Dodson and others in the shopping cart industry say the increase in lost carts can be attributed to a number of factors, including homeless people using them to store belongings or for shelter. Homelessness has increased in many large cities due to skyrocketing housing prices, a lack of affordable housing, and other factors. There have also been incidents of people robbing scrap metal carts.

Some people, especially in cities, also use shopping carts to bring their groceries home. Other carts move away from parking lots if not locked during bad weather or at night.

Of course, the problem of rebellious shopping carts is not new. They started rolling out of stores soon after they were released in the late 1930’s.

“A new threat is threatening the safety of in-store drivers,” warned the New York Times in a 1962 article. Another New York Times article in 1957 called the trend “Cart-Napping”.

There’s even a book, “The Stray Shopping Carts of Eastern North America: A Guide to Field Identification,” dedicated to the phenomenon and an identification system for lost shopping carts, much like guides to birding.

Edward Tenner, a distinguished scholar at the Smithsonian’s Lemelson Center for the Study of Invention and Innovation, said the misuse of everyday items such as shopping carts is an example of “deviant ingenuity”.

It’s similar to talapia fishermen in Malaysia who stole pay phones in the 1990s and connected the receivers to powerful batteries that emitted a sound to attract fish, he said.

Tenner hypothesized that people pick up shopping carts from stores because they are extremely versatile and not available anywhere else: “There really is no legitimate way for an individual to buy a supermarket shopping cart.”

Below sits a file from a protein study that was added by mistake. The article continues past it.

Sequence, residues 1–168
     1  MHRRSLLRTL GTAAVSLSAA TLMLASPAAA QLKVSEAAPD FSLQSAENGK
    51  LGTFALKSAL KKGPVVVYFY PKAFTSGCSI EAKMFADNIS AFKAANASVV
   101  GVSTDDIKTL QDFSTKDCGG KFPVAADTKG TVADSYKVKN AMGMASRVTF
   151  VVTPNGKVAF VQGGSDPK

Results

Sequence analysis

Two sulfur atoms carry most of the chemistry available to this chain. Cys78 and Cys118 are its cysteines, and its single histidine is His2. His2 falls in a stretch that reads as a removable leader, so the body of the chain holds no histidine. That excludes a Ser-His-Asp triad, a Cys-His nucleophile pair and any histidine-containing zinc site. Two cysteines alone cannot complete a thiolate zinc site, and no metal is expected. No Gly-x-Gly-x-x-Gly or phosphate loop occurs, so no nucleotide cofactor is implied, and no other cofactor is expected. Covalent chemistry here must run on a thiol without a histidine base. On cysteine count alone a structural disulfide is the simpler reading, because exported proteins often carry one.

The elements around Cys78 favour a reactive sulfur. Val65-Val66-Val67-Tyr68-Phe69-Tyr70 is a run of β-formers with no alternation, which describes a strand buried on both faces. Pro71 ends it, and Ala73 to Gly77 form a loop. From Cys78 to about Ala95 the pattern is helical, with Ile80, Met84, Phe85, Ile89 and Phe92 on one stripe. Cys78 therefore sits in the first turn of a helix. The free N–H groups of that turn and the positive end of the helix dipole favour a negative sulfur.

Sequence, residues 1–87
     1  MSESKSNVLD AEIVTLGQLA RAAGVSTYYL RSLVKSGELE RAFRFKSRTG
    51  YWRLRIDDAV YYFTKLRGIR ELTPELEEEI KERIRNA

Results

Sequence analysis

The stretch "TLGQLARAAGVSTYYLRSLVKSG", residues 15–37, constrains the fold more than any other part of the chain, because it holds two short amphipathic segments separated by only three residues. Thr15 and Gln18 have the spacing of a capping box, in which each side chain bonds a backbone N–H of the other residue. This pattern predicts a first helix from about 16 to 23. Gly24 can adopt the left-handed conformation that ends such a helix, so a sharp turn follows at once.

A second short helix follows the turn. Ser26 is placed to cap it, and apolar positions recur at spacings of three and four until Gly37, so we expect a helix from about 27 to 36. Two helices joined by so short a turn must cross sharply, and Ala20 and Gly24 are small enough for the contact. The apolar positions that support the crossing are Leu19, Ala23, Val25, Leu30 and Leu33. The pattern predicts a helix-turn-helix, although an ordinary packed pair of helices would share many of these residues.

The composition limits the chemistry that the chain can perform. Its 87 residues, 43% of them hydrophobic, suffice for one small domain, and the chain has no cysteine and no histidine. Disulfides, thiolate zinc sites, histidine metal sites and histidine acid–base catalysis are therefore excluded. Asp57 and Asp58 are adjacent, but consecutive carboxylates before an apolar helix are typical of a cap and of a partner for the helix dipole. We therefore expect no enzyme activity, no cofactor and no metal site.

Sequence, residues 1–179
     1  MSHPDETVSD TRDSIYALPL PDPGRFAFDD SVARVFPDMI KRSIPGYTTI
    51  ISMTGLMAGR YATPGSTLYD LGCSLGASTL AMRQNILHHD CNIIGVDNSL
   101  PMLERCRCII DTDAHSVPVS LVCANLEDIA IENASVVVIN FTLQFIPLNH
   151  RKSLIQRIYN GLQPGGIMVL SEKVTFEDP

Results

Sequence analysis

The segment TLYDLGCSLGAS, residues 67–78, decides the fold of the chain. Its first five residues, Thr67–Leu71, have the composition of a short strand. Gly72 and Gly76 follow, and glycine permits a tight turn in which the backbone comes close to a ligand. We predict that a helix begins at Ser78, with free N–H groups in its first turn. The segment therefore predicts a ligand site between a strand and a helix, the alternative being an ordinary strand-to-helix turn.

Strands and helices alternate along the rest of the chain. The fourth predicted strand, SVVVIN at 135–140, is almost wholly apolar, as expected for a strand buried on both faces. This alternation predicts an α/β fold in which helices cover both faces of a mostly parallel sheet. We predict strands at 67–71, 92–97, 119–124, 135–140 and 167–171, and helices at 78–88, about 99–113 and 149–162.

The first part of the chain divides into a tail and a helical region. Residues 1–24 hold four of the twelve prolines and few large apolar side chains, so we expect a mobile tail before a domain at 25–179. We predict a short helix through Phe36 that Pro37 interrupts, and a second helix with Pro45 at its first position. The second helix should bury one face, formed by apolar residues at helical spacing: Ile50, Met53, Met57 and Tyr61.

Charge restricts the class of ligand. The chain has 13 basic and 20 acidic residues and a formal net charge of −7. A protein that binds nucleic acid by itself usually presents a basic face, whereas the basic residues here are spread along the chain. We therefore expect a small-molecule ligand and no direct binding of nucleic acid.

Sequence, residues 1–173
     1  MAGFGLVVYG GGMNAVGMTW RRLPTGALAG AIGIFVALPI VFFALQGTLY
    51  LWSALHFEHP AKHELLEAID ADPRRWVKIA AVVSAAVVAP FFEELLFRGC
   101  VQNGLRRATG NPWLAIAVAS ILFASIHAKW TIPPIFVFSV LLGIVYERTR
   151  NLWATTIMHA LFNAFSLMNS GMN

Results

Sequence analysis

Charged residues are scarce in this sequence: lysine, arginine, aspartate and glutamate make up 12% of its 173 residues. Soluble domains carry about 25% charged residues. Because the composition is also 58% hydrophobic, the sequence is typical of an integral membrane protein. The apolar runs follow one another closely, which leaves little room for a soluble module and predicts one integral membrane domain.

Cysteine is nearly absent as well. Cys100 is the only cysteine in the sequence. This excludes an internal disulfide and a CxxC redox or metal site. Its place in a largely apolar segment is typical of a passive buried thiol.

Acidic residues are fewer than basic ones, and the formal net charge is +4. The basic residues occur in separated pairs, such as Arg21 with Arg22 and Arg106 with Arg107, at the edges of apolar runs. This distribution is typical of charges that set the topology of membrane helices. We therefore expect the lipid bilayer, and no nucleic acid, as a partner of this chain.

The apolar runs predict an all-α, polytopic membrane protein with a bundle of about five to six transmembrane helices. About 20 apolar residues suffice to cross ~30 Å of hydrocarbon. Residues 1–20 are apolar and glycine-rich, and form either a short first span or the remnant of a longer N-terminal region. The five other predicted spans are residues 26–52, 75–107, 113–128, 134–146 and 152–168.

Supermarkets can have 200 to 300 shopping carts per store, while the big chains carry up to 800. Depending on the size and model, carts cost up to $250, said Alex Poulos, director of sales for RW Rogers Company, which supplies carts and other equipment for stores.

Stores and cart manufacturers over the years have increased the size of carts to encourage shoppers to buy more items.

Stores have introduced various trolley security and theft prevention measures over the years, such as trolley pens and, more recently, wheels that automatically lock if a trolley strays too far from the store. (Viral videos on TikTok show Target customers struggling to push carts with wheel locks.)

Gatekeeper Systems, which provides shopping cart control measures for the nation’s largest retailers, said demand for its “SmartWheel” radio-frequency door locks has increased during the pandemic.

In four stores, Wegmans is using Gatekeeper wheel locks.

“The cost of replacing carts, as well as the cost of locating and returning lost carts to the store, drove our decision to implement the technology,” said a Wegmans spokesperson.

Aldi, the German supermarket chain expanding rapidly in the United States, is one of the few US retailers to require customers to deposit a quarter to open a cart.

Coin-lock shopping cart systems are popular in Europe, and Poulos said more US companies are ordering coin-lock systems in response to the costs of out-of-control shopping carts.